All in all, one could drone on and on about Canary, but she is quite simply bad ass. That her methods include lethal disposal of her targets oddly puts her on a similar level to the Hoods gang, and that places her in direct conflict with Oliver, which should make for a fiery dynamic as the two continue to cross paths and her identity is revealed. It’s but one of many plot threads that kicks into high gear during this hour.
In fact, even with its strong pace, “Broken Dolls” is a rather dense episode for both story and character. Even tiny moments such as Roy complaining about the Canary hitting him in the face with her staff and his worry about Thea discovering his lie about his alternate life as a result have compelling consequences overall. For as much as we’ve talked about the blistering pace and plotting of the first season, the first three episodes this year are some of the most story-rich you’ll find on television currently.
This includes the stunning developments of the island timeline. Though a bit oddly handled in numerous quick “pockets” throughout the episode, what seems like a rather straightforward recon mission and heart-to-heart between Ollie and Slade rapidly alters the status quo. Just as answers come about Malcolm and Ra’s al Ghul, the persistent question of whether or not Ollie spent all five years on the island is answered in bold underline. With Oliver captured and stowed on the boat, the fact that it’s trawling away out of the harbor opens up huge possibilities. Is he being taken to Russia or some island near the Russian and China coasts that finally involves him with the Bratva mob? Does taking him away from the island, possibly for a significant period of time, force the rift between Oliver and Slade when Oliver finally returns to find the likely now-disfigured Slade? Did Shado somehow survive the bombardment on the plane, and will she appear on the boat with Oliver or be left to struggle on the island with Slade? Some many questions and scenarios presented, and it was thoroughly unexpected how much shift could occur and how could quickly things could change.
The immolation of Slade Wilson scene has to rank as one of the most thoroughly startling and disturbing moments of the series to date. Even after the fairly rote moment where Oliver saves Slade from sliding down a cliff, it’s hard to imagine anyone could’ve guessed at such a turn. It’s quite effective both in the visual and in the heartbreaking consequences. It appears to answer why Slade would eventually take to wearing his specialty ASIS mask on a long-term basis and gives an even more cogent explanation as to why these two brothers-in-arms would possibly be turned against one another, one that has greater stakes than a simple love triangle. Overall, it’s a masterful switch that demonstrates how well this creative team plays with audience expectation. That it’s preceded directly by one of the more visceral action sequences of the series adds to its effectiveness.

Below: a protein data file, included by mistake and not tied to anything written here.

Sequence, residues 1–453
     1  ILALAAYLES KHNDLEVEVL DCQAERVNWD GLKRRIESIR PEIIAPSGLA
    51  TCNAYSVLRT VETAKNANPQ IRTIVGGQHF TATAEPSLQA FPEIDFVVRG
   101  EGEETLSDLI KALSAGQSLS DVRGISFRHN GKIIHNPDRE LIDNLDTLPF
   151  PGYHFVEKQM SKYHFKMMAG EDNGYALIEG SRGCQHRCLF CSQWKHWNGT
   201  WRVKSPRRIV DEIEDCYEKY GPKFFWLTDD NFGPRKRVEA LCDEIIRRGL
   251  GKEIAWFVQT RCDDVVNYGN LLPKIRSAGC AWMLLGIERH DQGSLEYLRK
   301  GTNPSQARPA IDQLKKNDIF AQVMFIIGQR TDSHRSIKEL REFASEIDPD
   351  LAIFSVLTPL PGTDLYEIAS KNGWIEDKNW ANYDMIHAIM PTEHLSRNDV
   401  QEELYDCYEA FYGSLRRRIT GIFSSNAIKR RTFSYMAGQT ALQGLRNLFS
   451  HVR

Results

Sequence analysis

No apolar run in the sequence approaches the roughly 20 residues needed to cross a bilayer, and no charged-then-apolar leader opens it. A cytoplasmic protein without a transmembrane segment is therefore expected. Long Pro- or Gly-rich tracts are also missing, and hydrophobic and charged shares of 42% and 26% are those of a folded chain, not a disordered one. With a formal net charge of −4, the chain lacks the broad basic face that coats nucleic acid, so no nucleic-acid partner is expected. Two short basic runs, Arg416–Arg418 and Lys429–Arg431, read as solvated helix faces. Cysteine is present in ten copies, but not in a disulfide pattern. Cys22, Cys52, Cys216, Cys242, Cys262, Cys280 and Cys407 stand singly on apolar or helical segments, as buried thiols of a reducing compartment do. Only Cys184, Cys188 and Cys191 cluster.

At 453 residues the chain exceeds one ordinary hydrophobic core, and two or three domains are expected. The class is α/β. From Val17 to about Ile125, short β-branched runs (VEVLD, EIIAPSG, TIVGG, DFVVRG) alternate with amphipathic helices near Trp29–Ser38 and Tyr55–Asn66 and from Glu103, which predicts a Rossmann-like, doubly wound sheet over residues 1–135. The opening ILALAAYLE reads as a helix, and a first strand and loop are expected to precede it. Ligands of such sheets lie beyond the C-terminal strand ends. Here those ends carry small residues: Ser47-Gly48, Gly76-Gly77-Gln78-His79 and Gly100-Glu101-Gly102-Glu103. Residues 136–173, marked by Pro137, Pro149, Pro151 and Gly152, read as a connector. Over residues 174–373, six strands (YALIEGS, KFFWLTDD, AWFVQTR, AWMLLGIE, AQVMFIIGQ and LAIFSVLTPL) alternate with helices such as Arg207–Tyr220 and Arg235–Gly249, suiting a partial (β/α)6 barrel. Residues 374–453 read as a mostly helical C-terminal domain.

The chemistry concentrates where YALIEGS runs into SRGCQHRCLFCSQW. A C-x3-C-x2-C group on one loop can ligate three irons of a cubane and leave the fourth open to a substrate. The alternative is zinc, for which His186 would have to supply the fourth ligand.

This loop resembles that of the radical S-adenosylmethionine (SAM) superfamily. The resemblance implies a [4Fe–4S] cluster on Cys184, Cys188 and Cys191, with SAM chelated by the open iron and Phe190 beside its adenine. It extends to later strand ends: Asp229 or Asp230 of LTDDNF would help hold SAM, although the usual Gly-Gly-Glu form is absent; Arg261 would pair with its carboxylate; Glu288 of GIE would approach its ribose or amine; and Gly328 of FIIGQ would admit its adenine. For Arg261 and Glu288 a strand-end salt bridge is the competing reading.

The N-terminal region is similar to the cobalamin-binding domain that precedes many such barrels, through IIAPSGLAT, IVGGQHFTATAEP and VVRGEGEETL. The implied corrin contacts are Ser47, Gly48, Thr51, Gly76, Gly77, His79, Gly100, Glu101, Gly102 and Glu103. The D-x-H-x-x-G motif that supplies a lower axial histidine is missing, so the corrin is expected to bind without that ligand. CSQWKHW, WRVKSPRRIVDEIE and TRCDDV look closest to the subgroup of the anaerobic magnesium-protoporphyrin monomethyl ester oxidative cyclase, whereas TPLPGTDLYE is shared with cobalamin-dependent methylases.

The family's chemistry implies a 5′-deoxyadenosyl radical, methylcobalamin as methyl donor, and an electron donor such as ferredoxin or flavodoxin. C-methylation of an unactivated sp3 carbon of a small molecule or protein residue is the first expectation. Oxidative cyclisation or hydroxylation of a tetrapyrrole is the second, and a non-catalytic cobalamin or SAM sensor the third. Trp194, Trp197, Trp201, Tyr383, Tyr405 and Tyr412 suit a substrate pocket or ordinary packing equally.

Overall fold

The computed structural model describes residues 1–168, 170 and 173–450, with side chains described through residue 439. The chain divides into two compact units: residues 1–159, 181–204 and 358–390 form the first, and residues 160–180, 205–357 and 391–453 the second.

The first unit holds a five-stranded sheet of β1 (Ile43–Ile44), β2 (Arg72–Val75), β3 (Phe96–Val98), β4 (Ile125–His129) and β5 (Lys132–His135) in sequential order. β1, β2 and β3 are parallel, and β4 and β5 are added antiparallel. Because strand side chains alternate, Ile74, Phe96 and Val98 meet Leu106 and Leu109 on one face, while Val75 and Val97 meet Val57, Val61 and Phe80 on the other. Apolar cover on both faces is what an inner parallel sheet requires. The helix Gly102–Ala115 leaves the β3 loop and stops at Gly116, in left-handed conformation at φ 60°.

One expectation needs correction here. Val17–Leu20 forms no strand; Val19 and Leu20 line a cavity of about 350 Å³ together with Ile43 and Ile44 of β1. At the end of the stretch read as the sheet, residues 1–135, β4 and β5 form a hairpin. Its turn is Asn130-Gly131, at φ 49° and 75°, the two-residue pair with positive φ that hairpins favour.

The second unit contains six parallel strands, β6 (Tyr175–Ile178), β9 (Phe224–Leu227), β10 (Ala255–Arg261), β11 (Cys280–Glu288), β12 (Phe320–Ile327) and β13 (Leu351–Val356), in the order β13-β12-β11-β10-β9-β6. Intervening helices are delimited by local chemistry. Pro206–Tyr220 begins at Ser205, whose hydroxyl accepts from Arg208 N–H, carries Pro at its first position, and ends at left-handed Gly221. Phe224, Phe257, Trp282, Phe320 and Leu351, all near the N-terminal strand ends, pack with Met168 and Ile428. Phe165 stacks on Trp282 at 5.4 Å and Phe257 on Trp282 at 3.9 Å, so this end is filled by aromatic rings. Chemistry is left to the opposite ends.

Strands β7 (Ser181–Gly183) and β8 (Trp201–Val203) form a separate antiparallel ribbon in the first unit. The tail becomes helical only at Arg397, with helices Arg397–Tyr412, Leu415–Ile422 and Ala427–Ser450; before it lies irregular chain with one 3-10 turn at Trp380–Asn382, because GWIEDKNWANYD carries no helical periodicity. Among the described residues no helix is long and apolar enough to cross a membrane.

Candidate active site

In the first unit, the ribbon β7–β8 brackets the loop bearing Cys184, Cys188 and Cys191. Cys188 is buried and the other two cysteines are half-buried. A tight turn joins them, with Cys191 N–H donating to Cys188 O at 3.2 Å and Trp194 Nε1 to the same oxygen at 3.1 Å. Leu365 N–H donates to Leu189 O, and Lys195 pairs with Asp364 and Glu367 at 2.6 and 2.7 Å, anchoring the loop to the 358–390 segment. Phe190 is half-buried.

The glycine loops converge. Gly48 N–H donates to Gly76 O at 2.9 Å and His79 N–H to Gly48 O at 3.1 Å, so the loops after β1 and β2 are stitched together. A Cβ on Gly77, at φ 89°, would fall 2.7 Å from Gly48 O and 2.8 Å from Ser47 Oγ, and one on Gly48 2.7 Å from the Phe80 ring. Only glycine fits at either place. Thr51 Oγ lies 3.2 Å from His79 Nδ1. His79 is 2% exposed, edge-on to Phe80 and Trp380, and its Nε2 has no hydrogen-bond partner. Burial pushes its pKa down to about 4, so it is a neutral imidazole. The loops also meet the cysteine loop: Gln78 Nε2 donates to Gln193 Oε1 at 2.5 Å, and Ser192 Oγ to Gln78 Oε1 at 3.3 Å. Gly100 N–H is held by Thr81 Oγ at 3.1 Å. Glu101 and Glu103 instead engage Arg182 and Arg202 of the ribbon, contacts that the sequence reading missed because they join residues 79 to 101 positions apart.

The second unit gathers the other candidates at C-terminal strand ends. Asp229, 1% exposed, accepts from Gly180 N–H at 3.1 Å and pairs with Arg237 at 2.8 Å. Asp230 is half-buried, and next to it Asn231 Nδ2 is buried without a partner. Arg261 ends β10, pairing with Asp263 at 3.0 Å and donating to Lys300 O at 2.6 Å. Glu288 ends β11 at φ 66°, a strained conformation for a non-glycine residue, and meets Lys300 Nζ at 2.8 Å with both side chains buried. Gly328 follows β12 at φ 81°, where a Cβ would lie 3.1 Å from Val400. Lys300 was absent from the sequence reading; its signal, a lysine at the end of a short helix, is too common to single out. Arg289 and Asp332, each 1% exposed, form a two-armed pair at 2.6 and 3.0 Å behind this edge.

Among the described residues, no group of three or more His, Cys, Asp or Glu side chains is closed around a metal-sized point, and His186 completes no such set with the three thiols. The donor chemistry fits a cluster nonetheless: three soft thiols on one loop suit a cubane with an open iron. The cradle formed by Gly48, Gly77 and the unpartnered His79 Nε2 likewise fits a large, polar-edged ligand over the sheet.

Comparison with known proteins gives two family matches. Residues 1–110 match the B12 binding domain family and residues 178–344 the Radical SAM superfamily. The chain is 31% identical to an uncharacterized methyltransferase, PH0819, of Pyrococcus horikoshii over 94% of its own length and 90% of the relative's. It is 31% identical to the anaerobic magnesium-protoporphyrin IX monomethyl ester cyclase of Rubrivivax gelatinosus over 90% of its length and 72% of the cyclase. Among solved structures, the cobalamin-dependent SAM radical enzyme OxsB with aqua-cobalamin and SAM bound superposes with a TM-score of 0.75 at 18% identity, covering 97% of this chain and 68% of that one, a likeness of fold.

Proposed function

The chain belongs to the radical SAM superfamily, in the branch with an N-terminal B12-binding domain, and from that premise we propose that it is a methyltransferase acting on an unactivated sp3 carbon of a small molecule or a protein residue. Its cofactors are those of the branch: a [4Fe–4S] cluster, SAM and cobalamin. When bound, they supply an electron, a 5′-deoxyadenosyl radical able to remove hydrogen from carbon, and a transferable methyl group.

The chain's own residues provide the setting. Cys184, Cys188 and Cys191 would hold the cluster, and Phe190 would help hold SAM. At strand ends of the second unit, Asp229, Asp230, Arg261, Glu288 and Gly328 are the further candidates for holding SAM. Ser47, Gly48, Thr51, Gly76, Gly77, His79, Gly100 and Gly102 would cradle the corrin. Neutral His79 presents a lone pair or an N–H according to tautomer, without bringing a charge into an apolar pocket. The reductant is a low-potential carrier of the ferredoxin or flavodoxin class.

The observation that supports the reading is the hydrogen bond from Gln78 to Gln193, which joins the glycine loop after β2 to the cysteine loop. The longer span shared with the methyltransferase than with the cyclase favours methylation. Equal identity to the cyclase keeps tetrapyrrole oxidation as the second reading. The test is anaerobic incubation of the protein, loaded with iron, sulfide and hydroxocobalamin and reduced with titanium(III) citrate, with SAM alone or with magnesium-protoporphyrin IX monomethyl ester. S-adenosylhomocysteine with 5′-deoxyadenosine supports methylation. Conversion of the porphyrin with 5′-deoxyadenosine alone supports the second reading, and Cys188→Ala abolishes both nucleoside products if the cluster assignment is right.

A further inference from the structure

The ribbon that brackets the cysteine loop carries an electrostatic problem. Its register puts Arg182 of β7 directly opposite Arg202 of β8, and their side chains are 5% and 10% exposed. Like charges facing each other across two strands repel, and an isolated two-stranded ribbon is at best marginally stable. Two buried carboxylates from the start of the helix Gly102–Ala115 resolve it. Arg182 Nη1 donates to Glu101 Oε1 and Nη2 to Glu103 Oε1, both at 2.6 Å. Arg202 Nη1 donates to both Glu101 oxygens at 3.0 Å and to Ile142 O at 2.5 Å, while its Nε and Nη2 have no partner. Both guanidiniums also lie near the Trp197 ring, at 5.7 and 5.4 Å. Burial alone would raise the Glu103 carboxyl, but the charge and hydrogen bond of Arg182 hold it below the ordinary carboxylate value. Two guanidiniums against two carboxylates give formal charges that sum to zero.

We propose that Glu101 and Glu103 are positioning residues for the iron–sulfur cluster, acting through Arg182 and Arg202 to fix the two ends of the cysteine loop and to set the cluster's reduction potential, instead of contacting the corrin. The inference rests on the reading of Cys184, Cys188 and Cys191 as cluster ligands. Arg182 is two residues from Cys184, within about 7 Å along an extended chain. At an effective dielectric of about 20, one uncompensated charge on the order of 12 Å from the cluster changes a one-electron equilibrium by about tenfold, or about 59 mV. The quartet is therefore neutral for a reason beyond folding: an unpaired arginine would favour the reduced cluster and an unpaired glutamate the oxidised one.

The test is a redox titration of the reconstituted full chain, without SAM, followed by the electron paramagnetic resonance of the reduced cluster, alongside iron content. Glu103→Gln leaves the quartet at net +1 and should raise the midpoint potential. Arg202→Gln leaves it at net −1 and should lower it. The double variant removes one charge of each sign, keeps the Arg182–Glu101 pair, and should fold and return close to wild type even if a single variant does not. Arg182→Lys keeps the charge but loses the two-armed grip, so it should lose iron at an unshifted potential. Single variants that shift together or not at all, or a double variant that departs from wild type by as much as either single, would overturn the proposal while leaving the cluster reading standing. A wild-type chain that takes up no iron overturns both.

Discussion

That scene of Oliver dodging the shelling from the boat in a desperate attempt to get to the plane, to get to Shado, with Slade just as desperately trying to save his young friend was yet another feather in the cap of Winter. It represents one of a number of wonderful set-ups throughout the episode, which includes a thoroughly engaging and kinetic footchase through an impound lot between Roy and Canary cohort Sin (Bex Taylor-Klaus), as well as the kicker of a set-piece of Canary’s opening rescue and her later fight — descending onto the scene in grand fashion from a hanging black scrim — with the Dollmaker. One of the exciting things about your DP also taking on main director duties for the hour is the willingness to experiment with the look, feel, and overall energy, but at the same time not losing or destroying the overarching tone and milieu already created for the show. Winter delivers an exciting chapter that continues a wonderful artistic uptick this season on what was already exceptional technical achievement in the first year.
Beyond technique, heroics, and flashbacks, this episode really is a Lance family one. Kudos to both Paul Blackthorne and Katie Cassidy for some of the strongest work for both of their characters to date. There is a great thrill to be had with Quentin Lance now explicitly working with Team Arrow. Seems safe to say that it will be some time before we see Quentin in the Arrowcave at the foundry, if ever, but having a fourth member and someone in law enforcement fits like a glove. The rather personal nature of this particular case against Barton Mathis, aka the Dollmaker, lends Lance more of a special consultant capacity to the efforts rather than full-time, but it was nice to see him defending the vigilante to Laurel and his reluctant but appreciative acceptance of Oliver’s role at story’s end. It was very smart to include the scene where both Lance and Oliver confront Mathis’ lawyer to once again show that, even with his no-kill philosophy, Oliver takes different tacks in his approach than Lance is comfortable with. That maintains a complexity for both Blackthorne and Stephen Amell to play while also giving stronger meaning to Lance’s approval of the hero in the process. Plus, he gets to be the first to voice the name of “the Arrow,” which is cool and also great symmetry with him having named him “the Hood” last season.